Redfern. The name probably evokes memory of the 2004 Redfern riots and the Aboriginal enclave in the Block. As with other uni students who use Redfern station, I’m fairly familiar with the part to the west of the station. But what lies to the east? With a camera, I set out to investigate.
The chance came about because as part of our clerkship at Blake Dawson, we get to have a one-day pro bono visit to one of the centres that the firm supports. So, on a warm summer’s day, I found myself at the Intellectual Disability Rights Service on Regent Street in Redfern; the service provides legal advice to people with intellectual disabilities:
The day begins by heading out of the “other” side of Redfern station:
Redfern, to the south of the CBD, is a stone’s throw from the city centre; the Ernst & Young sign can be clearly seen just above the trees:
It was surprising how spacious Redfern feels, in comparison to the cramped city streets. Combined with the general lack of high-rises, you could say that it is fairly free of visual clutter, but at the same time, it lacks the relatively lucious greenery that you find on the way from the station to uni. The atmosphere along Regent Street is a little subdued, somewhat lacking in vibe, confidence and energy — almost as if its inhabitants were already preparing for a siesta by early morning:
Architecture-wise, there were no surprises, with many terrace houses typically found in the older parts of Sydney and on the west side of the station as well:
But there was no doubt that this was suburbia, despite its relative closeness to the CBD:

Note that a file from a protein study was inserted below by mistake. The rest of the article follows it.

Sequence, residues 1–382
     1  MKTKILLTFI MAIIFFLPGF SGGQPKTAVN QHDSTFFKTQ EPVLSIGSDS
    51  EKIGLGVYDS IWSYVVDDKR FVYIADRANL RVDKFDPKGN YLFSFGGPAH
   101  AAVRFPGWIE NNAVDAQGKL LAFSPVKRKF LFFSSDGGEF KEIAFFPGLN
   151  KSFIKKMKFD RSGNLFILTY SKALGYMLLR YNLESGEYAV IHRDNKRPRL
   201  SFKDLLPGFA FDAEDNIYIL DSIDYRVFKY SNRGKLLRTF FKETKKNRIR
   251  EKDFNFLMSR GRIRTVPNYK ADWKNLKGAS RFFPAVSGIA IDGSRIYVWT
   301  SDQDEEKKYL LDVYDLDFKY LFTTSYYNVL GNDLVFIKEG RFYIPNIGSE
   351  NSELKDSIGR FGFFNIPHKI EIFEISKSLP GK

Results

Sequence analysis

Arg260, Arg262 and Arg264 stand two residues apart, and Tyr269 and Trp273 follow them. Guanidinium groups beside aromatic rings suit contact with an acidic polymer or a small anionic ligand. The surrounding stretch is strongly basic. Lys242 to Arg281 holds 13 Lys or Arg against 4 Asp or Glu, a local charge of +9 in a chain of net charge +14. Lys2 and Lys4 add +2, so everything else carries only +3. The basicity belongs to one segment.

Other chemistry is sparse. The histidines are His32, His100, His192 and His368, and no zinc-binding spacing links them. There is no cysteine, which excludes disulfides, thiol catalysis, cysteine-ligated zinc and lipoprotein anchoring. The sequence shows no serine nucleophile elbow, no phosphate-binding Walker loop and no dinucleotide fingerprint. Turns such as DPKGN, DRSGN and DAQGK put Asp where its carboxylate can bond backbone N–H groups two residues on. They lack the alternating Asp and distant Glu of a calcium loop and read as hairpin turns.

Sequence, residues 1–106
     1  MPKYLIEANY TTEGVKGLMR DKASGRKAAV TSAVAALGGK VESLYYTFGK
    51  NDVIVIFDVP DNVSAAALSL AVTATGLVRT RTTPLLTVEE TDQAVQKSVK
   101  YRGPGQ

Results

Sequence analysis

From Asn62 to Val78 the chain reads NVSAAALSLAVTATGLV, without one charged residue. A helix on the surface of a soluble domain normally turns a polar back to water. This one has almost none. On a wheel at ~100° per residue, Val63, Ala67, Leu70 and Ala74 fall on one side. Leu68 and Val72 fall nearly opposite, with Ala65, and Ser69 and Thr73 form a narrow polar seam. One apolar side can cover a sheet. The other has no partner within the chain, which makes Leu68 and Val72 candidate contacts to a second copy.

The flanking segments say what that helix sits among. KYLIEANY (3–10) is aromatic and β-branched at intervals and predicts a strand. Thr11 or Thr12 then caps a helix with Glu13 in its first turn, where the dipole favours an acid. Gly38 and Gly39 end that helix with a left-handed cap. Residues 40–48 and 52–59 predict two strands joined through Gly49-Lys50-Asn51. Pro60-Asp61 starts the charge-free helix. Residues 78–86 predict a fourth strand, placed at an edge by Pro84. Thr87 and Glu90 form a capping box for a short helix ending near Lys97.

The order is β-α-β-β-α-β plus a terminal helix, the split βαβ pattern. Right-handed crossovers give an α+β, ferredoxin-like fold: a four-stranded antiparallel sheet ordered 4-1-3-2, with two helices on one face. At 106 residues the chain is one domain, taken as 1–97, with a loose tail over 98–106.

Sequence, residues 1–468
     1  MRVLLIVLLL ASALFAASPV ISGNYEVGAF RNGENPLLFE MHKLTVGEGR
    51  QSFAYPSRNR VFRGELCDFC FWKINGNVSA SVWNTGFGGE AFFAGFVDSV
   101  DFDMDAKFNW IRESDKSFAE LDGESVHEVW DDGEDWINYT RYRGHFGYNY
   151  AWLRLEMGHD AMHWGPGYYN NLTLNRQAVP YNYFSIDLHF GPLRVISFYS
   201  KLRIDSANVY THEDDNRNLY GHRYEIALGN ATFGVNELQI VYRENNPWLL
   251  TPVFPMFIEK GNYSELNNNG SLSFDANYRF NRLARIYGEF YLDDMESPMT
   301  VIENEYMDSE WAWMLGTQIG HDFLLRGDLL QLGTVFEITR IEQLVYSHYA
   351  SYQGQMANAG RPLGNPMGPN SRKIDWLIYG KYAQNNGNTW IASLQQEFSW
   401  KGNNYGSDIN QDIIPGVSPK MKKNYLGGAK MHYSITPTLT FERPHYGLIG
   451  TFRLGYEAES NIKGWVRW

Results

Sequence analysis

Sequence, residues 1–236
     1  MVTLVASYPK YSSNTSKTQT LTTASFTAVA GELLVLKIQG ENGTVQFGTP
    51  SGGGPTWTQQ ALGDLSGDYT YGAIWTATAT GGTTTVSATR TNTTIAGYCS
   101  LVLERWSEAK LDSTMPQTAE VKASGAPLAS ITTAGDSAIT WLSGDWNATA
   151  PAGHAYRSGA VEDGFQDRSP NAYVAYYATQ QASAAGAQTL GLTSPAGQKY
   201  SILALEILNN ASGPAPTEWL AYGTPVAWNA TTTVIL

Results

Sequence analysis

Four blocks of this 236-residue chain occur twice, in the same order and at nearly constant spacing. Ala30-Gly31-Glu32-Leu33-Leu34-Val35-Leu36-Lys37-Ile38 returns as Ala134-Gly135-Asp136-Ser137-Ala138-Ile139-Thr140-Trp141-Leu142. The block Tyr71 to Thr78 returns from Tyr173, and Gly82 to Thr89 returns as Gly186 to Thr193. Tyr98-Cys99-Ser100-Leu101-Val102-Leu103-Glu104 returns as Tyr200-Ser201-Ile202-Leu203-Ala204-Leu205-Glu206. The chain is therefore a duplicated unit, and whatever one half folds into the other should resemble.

Some parts have been gentrified, with higher-density development. It looks like they were after a community plaza feel further down Regent Street, although it appears that this benefited more pigeons than people:
What was surprising was the ethnic diversity in Redfern; for example, Wikipedia reliably informs me that 5.5% of Redfern’s population speaks Chinese, and only 55.9% spoke English exclusively at home. I would never have suspected that the suburb was a magnet for migrants, although I suspect migrants of past times were not as well-off or as well-connected as more recent migrants:
There was some street art, but I couldn’t help but feel that its primary purpose was to fill up space, rather than invigorate the streetscape:
Redfern, together with the other areas south of the CBD, will be undergoing substantial redevelopment in the next few decades, as the CBD reaches capacity and the attraction of inner-city living increases with rising transport costs. The challenge, however, is to work out how Redfern can be integrated with the rest of the city. Paradoxically, the railway line that forms the lifeblood of the city divides it in two, with Redfern, Surry Hills and Darlinghurst on one side and the trendier Glebe, the gentrified Ultimo and the well-patronised Haymarket on the other.
Comments are now closed.